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Traveling in Dance

In the dance world exposure is everything; what teachers you take from, styles you train in, opportunities you choose, venues you perform at; all of this molds you into the mover you are right now. But what if these experiences were only based in one area? What if all you knew only came from one system of learning? Does that devalue the education and training you receive? Does that truly make you a versatile performer?

That is what we are here to discuss… traveling in the arts. While it is accessible and widely considered by dancers, it is many of times overlooked and underprioritized. So many artists stay in one area their entire career, and while that may be sufficient to them I always think to myself, There has to be more. And fact of the matter is, THERE IS MORE! So much more! When you start dancing at a young age and remain training in that location till your late teen years, you are trained to think that what you have learned is the same in every city in the Western world. Truth is… its not. While western culture dance is predominantly ballet- and modern-based, the way of teaching dance, how dance is presented, and the way the community accepts dance varies greatly.

For example, I am from northeast Ohio, born and raised. I began studying dance at a young age in Ohio, furthered my dance education in Ohio, and performed predominantly in Ohio. Two years ago, I decided to step out of my comfort zone and study abroad in Thailand. Go big or go home, am I right?! Myself and 7 other dancers were fortunate enough to take class, explore the culture, and even have our performance televised. The entire experience was eye opening, to say the least. To see a culture value dance and accept it with open arms was heart-warming. Each movement of Thai classical dance is symbolic and essential in the art form, something I had never really thought about for dance in the western world. After this experience, I wanted to see more, but more of how dance was different in the United States. I began taking classes in Chicago, New York City, Portland, Seattle; branching out to areas where I had never expected dance to be widely accessible.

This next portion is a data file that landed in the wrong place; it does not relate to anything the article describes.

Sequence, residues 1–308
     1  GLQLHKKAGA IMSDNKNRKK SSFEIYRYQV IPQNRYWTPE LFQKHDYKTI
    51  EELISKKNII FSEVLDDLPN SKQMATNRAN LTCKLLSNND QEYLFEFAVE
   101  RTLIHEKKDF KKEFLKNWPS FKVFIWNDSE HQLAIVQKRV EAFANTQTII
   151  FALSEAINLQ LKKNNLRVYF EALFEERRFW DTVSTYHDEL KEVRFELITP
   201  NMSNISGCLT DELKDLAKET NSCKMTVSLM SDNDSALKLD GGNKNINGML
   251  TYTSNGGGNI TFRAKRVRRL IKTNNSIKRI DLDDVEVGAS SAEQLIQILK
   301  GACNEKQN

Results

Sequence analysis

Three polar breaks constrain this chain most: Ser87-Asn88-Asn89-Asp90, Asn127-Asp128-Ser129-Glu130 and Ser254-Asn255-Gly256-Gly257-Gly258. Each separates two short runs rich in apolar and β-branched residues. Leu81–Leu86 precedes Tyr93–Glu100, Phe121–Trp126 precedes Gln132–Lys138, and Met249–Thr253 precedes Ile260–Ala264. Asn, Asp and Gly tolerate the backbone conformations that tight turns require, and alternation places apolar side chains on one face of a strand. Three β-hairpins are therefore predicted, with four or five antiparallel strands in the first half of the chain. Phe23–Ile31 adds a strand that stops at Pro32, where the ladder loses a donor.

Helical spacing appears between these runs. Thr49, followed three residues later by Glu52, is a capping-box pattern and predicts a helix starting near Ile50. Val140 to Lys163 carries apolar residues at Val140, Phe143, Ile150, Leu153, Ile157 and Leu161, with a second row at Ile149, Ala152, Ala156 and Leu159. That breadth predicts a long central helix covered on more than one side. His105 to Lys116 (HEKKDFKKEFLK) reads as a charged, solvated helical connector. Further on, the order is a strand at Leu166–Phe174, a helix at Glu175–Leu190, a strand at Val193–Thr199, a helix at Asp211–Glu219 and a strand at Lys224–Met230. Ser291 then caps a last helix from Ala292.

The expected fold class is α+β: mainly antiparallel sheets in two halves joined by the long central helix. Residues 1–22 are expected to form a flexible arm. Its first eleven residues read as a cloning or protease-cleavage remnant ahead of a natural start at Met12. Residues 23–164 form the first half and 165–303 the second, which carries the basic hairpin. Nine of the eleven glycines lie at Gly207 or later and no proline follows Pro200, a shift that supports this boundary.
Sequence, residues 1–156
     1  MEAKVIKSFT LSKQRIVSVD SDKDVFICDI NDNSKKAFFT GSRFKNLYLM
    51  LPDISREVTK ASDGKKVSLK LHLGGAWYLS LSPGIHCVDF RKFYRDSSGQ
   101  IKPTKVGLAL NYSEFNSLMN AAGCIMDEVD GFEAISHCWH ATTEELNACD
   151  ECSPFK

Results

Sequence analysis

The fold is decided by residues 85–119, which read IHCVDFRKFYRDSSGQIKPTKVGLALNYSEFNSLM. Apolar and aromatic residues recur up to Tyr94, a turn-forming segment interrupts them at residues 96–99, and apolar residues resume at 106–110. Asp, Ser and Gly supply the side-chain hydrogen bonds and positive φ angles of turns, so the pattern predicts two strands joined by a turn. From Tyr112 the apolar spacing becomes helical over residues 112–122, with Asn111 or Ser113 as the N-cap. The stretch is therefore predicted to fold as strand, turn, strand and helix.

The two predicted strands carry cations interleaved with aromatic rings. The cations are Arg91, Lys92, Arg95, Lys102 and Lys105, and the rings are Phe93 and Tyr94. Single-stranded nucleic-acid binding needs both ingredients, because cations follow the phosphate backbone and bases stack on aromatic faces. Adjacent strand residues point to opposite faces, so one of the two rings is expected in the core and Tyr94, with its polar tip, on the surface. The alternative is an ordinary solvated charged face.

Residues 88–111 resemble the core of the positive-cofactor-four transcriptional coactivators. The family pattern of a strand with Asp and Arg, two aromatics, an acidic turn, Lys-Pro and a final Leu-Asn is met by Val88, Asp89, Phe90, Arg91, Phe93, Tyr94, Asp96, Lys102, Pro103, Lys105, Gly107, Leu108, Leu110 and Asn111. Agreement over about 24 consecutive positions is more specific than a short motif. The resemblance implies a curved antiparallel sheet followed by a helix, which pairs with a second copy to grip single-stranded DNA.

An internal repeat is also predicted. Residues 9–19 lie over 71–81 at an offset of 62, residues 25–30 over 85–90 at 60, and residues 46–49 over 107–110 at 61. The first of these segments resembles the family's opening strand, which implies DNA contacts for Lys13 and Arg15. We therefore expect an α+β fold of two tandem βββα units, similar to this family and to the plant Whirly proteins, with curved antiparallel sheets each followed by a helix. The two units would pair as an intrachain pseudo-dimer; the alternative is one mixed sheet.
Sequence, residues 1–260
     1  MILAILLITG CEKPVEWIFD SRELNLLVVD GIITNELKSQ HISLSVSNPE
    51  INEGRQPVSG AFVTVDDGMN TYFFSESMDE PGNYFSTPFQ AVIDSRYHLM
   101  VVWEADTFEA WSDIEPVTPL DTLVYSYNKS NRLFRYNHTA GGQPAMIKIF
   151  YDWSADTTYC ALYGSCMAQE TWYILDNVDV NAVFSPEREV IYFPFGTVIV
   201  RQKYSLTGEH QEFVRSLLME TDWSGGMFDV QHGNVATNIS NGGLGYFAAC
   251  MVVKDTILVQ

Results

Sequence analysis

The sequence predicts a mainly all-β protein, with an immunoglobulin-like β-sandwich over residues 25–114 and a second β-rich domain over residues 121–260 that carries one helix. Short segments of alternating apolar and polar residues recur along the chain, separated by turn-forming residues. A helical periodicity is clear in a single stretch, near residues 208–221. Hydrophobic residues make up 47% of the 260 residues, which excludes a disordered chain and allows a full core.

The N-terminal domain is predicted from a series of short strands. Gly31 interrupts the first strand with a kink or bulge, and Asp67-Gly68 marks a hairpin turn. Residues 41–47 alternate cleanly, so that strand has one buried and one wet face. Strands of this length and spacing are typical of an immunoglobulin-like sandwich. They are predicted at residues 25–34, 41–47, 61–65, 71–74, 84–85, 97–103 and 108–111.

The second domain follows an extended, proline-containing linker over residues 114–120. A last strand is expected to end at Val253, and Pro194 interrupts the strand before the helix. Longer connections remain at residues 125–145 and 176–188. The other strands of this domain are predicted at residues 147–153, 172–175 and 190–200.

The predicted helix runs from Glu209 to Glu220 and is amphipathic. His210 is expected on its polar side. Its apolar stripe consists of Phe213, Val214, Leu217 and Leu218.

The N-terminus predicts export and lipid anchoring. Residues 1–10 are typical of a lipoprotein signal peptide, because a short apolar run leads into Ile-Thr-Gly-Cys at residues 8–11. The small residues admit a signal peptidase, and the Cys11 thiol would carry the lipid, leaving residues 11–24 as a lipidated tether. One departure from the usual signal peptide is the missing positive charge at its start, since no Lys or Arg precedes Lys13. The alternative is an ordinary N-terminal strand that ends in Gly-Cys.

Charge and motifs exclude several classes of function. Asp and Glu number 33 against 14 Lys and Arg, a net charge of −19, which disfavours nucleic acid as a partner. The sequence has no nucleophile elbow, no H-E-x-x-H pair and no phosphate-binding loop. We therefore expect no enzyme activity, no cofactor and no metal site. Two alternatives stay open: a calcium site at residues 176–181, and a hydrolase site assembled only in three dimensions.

Experiencing different ideologies of dance, methods of teaching, and quality of movement is what helps a dancer become an artist. These understandings provoke thought behind movement and make the dancer ask the questions of what if and how? Without these questions the art form becomes complacent and monotonous, and eventually strays away from the definition of what art truly is… expression. My advice to the next generation of movers is GET OUT! See the world and how dance impacts various cultures. Whether that be beyond state lines or sailing over the Pacific, see what dance means to others outside your normal cohort. Believe me when I say, it will not only open your eyes to the world of dance, but influence your growth as an individual.

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